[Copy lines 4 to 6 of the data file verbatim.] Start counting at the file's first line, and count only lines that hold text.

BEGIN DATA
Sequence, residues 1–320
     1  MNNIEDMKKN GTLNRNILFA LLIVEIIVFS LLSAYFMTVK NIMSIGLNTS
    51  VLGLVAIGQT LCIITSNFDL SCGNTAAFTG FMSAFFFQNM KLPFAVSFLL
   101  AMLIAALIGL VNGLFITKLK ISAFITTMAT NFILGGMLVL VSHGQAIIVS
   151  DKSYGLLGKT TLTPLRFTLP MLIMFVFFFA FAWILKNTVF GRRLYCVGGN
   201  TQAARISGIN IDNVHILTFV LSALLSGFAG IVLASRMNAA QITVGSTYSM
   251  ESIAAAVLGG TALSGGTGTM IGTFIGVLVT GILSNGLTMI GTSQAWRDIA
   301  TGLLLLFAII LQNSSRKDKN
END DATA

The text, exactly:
   101  AMLIAALIGL VNGLFITKLK ISAFITTMAT NFILGGMLVL VSHGQAIIVS
   151  DKSYGLLGKT TLTPLRFTLP MLIMFVFFFA FAWILKNTVF GRRLYCVGGN
   201  TQAARISGIN IDNVHILTFV LSALLSGFAG IVLASRMNAA QITVGSTYSM